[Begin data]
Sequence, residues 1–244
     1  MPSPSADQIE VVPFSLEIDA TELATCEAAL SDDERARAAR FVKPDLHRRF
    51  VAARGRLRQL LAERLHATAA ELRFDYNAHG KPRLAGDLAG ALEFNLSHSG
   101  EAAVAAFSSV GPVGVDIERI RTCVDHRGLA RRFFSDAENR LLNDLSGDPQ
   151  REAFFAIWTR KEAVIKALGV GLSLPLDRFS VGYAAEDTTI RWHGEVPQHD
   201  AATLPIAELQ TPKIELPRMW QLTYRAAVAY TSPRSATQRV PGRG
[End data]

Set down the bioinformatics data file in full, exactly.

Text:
Sequence, residues 1–244
     1  MPSPSADQIE VVPFSLEIDA TELATCEAAL SDDERARAAR FVKPDLHRRF
    51  VAARGRLRQL LAERLHATAA ELRFDYNAHG KPRLAGDLAG ALEFNLSHSG
   101  EAAVAAFSSV GPVGVDIERI RTCVDHRGLA RRFFSDAENR LLNDLSGDPQ
   151  REAFFAIWTR KEAVIKALGV GLSLPLDRFS VGYAAEDTTI RWHGEVPQHD
   201  AATLPIAELQ TPKIELPRMW QLTYRAAVAY TSPRSATQRV PGRG